Using Technology to Deepen Democracy, Using Democracy to Ensure Technology Benefits Us All

Wednesday, September 14, 2005

Mars Raver

It's been another low-posting time, I know. Teaching, writing, and preparations for the job market are consuming huge amounts of my energies right now. Not that I'm complaining -- I'm teaching Plato's Symposium in one class tomorrow and Marx and Engels' The German Ideology in another... what's not to like?

Whenever I'm not grading or prepping or writing I'm usually pretty spent... not good for much but watching "So You Think You Can Dance?" or counting down the hours to the next "Battlestar Galactica" ep... But on the long train ride from Oakland over to the City where I'm teaching this term, I do have some time to myself and I've been using it to re-read yet again Kim Stanley Robinson's Mars Trilogy, a hard-scientific utopian technoprogressive masterpiece that represents for me, along with Bruce Sterling's Holy Fire, the great accomplishment of 1990s sf (I mean that on a personal level, so no bellyachin' about novels I've overlooked in saying this -- I know there are many, many, many other great ones to choose from!). Anyway, here's a quote from early on in Volume One, Red Mars, that reminds me quite a lot of the market naturalist technophiles and weirdly socially complacent and "anti-political" technology enthusiasts (who in "disdaining" politics overwhelmingly often essentially endorse conservative politics):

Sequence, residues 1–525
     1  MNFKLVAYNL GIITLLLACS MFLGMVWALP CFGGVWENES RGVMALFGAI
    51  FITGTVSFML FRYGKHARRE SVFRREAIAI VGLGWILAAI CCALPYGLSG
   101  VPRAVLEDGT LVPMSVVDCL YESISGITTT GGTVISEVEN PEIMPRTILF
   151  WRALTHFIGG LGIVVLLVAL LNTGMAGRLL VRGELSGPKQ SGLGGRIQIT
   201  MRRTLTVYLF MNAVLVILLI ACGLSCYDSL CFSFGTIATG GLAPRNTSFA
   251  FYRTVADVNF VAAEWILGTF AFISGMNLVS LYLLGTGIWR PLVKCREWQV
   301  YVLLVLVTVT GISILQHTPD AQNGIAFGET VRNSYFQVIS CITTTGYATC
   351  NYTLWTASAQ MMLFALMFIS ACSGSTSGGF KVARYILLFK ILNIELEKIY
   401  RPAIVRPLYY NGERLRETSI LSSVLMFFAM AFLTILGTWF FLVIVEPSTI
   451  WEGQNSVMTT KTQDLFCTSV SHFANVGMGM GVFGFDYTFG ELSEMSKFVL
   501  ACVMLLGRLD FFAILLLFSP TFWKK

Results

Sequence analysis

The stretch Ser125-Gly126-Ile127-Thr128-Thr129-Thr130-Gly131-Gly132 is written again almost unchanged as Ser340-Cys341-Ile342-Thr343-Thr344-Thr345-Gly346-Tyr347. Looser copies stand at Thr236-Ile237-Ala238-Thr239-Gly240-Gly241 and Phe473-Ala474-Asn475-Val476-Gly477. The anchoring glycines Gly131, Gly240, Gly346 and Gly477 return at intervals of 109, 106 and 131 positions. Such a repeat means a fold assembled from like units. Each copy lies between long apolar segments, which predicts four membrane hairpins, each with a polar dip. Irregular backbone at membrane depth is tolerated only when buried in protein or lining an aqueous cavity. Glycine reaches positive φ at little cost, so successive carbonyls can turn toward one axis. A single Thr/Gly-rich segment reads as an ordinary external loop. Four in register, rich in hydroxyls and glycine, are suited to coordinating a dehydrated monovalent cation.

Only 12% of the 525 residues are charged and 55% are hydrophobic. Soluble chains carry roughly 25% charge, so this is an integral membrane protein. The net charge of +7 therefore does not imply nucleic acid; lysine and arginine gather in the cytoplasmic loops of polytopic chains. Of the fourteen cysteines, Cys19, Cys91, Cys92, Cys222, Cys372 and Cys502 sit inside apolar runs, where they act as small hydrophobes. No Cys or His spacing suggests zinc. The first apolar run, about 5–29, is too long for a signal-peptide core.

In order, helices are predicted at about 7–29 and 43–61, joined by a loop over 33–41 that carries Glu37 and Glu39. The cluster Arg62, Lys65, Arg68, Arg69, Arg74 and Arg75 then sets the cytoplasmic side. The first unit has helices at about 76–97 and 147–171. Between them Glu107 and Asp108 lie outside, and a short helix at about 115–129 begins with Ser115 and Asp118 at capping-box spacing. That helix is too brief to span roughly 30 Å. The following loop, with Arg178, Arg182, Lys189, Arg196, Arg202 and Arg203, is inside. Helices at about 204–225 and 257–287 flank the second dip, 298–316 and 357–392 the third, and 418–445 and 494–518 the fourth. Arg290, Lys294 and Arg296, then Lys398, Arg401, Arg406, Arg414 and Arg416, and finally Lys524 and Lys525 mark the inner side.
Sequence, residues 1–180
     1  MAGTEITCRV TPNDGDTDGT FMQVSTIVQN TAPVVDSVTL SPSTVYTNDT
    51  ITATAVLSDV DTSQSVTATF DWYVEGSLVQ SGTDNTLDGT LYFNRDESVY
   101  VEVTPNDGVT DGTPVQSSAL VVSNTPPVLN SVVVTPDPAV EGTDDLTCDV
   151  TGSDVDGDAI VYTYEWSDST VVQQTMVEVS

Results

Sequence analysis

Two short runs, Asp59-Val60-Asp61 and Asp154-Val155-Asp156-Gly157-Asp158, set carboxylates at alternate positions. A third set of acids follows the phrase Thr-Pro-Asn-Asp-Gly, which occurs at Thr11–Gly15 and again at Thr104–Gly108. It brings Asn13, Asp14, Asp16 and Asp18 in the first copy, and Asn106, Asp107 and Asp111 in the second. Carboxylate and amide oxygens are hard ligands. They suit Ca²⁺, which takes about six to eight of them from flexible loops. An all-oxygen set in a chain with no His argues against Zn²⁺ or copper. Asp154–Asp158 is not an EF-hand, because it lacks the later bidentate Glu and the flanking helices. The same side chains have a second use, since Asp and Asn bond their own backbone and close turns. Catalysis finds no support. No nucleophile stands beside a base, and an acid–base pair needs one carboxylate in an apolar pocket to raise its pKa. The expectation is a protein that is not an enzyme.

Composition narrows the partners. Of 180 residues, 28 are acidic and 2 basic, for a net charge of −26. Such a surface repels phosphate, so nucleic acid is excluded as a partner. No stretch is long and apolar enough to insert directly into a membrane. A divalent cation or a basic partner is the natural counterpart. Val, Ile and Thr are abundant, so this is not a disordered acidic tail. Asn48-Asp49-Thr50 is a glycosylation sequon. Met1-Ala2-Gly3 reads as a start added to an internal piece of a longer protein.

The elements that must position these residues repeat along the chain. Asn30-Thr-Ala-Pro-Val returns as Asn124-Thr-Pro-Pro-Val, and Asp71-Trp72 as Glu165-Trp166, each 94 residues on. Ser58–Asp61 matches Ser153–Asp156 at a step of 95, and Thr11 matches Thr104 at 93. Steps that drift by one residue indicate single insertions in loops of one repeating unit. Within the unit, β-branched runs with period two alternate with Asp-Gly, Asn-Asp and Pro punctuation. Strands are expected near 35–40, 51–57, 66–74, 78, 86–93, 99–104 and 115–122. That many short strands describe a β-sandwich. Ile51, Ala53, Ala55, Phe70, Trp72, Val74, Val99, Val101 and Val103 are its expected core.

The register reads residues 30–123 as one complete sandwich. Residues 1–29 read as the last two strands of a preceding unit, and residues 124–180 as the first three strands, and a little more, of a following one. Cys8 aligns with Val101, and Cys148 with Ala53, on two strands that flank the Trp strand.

"We have come to Mars for good. We are going to make not only our homes and our food, but also our water and the very air we breathe -- all on a planet that has none of these things. We can do this because we have technology to manipulate matter right down to the molecular level. This is an extraordinary ability, think of it! And yet some of us here can accept transforming the entire physical reality of this planet, without doing a single thing to change ourselves, or the way we live. To be twenty-first century scientists on Mars, in fact, but at the same time living within nineteenth-century social systems, based on seventeenth-century ideologies. It's absurd, it's crazy, it's -- it's --" he seized his head in his hands, tugged at his hair, roared "It's unscientific! And so I say that among all the many things we transform on Mars, ourselves and our social reality should be among them. We must terraform not only Mars, but ourselves."